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THE CANNED CAFFEINE CREEPING INTO OUR CHILDREN’S LIVES From the playgrounds to students studying late into the night and partying early into the morning hours. Joshua Saunders investigates how energy drinks are not only stealing our kids sleep but could be putting their lives at risk.



ASHLEY HUMBER, 19 ‘I’ve polished off a six pack of Redbull in a morning. I’ve been there in cold sweats, really scatty and everything feels different’

BECCA COBHAM, MUMSNET ‘Kids that age are drinking them to get a buzz, You worry that they could found something stronger’

LOU COEL, DANCE TEACHER ‘Children shouldn’t be having them. They will be bouncing off the walls one minute, then sleeping and feeling depressed the next’

LOTI BRADLEY, 21 ‘They made me feel more awake and stimulated. In the end I was relying on them rather than them having for enjoyment’


gaggle of five school children, no older than eleven, stand at the side of a compact cornershop, metres away from Pimlico tube station. They’re discuss which drink to buy, admiring the rack of sugared beverages before them. “This one’s the cheapest,” says a freckled blond haired boy, pointing to an energy drink. His friends consider the recommendation, admiring the endless array of fizzy caffeinated beverages before them. All but two of them purchase the home brand energy drink available at their fingertips for 39 pence. At the time I was a spectator watching as the shopkeeper scan the cans that bear the warning ‘not recommended for children’. Unaware or disinterested he waives their age aside and sells drinks they are not meant intended to consume. Several days previously to this, in November last year, the parents of young Anais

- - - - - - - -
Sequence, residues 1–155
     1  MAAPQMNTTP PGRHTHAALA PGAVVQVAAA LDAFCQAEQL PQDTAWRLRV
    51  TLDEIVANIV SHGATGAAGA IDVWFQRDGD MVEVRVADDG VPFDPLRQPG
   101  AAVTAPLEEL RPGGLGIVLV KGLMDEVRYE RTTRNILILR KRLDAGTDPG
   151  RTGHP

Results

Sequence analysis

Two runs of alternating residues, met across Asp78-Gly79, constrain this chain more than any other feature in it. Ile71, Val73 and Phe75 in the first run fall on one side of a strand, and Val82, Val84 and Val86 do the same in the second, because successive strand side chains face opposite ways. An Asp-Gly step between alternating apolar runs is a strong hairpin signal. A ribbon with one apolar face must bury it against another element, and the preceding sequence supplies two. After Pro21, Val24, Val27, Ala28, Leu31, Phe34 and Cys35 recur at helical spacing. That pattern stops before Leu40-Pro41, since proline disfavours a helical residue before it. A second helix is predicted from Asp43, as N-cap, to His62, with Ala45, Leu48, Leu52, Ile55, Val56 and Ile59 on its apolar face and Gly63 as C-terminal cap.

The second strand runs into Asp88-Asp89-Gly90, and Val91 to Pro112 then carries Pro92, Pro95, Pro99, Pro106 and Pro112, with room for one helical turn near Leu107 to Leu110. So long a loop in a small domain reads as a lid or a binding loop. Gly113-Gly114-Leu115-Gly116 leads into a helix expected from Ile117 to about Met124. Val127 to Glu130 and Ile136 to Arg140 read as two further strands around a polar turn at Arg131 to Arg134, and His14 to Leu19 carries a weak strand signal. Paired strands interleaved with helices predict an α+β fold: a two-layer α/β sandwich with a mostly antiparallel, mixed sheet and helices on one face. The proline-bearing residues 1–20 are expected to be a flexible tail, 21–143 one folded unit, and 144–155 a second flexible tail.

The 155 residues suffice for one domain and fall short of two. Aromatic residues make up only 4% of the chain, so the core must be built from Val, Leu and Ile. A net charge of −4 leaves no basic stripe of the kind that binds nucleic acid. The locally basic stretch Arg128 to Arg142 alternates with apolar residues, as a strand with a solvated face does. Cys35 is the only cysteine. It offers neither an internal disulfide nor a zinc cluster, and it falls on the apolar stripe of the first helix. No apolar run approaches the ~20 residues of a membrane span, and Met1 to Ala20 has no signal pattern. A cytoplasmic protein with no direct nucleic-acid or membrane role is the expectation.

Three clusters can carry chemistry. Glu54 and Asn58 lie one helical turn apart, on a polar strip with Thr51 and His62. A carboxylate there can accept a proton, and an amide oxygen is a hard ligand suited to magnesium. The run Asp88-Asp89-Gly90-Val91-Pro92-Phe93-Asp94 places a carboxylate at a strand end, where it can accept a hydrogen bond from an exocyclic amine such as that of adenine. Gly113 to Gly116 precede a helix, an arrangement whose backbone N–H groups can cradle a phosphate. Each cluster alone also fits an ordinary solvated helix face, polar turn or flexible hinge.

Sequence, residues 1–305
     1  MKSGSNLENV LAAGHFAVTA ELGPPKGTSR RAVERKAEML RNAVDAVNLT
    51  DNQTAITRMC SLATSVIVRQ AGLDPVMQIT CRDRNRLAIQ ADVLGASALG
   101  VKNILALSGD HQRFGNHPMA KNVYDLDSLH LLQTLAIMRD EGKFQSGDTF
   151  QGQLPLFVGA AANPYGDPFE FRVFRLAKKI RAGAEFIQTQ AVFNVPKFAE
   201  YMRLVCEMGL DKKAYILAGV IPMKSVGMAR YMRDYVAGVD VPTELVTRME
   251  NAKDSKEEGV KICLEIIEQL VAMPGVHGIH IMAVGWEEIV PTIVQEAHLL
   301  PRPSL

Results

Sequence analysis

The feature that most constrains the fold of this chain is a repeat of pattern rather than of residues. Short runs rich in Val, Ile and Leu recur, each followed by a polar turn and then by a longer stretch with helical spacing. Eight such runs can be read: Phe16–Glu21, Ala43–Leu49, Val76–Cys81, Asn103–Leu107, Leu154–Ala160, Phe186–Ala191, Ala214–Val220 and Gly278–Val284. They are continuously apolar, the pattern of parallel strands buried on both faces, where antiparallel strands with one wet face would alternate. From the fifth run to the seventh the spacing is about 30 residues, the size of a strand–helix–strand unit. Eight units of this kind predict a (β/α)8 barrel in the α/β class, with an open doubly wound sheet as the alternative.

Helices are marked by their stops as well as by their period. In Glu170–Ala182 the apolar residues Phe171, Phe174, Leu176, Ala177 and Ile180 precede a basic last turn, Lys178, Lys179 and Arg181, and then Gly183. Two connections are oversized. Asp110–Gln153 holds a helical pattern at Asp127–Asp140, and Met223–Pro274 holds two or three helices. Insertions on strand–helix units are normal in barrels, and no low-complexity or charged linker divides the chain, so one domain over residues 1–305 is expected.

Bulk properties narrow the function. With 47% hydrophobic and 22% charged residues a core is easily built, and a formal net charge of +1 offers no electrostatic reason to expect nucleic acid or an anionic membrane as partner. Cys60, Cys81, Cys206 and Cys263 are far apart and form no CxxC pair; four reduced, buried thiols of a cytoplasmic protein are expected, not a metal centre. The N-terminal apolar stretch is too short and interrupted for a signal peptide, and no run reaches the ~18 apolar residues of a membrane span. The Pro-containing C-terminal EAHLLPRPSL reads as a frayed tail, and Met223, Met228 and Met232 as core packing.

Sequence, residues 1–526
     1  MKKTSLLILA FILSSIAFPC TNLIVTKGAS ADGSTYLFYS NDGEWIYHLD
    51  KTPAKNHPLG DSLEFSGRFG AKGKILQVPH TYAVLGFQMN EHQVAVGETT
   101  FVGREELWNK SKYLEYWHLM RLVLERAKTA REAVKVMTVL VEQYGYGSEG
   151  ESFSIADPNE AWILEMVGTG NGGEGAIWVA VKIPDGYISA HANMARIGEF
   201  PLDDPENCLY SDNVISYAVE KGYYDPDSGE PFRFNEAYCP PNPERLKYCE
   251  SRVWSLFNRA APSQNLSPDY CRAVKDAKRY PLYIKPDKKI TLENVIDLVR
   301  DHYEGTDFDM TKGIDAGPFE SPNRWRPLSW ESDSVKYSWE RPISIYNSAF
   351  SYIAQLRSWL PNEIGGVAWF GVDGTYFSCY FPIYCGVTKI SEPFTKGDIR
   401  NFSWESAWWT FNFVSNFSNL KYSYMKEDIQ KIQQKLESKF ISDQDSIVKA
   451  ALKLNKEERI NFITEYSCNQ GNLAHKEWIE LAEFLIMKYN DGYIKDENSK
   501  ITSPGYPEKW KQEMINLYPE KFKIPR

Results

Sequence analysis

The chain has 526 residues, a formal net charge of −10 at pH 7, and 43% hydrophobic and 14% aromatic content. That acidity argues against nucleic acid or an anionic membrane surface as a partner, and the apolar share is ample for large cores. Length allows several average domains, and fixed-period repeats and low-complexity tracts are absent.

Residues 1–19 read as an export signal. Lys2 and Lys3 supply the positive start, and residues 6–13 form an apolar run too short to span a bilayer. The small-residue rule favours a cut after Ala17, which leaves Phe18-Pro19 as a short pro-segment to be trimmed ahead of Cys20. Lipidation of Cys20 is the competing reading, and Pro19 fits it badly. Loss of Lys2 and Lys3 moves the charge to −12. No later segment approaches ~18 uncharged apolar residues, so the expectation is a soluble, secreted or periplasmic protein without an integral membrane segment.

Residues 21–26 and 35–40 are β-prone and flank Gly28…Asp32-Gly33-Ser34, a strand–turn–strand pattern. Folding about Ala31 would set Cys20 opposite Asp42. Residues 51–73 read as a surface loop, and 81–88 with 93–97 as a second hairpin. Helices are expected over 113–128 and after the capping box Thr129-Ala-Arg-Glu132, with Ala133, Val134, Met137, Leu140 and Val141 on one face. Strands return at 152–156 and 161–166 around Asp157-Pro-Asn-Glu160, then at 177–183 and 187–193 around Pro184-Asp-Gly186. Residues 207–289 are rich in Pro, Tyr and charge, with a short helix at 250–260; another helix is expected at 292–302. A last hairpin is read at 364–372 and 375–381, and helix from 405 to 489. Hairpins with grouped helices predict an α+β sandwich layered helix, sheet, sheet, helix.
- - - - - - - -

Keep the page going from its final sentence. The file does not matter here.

The Sunday Times Magazine 10.4.2013

Fournier lost a lawsuit of ‘wrongful death’ against energy drink corporation Monster. Anais, who was only 14 at the time, had consumed two 24 ounce cans of Monster Mega Energy. She suffered cardiac arrest after taking in 480mg of caffeine, the equivalent to 14 cans of Coca Cola, which she had drank in just over 24 hours aggravated an underlying heart condition. Neither Anais or her parents were aware of this weakness that caused by a genetic disorder. The coroner concluded that “cardiac arrhythmia due to caffeine toxicity complicating mitral valve regurgitation in the setting of Ehlers-Danlos syndrome” was responsible for her death. “Anything that weakens the heart can increase sensitivity to caffeine’s cardiovascular impacts,” commented cardiologist Rita Redberg. This sensitivity to caffeine and a lack of knowledge about how caffeine affects younger people and their bodies is to blame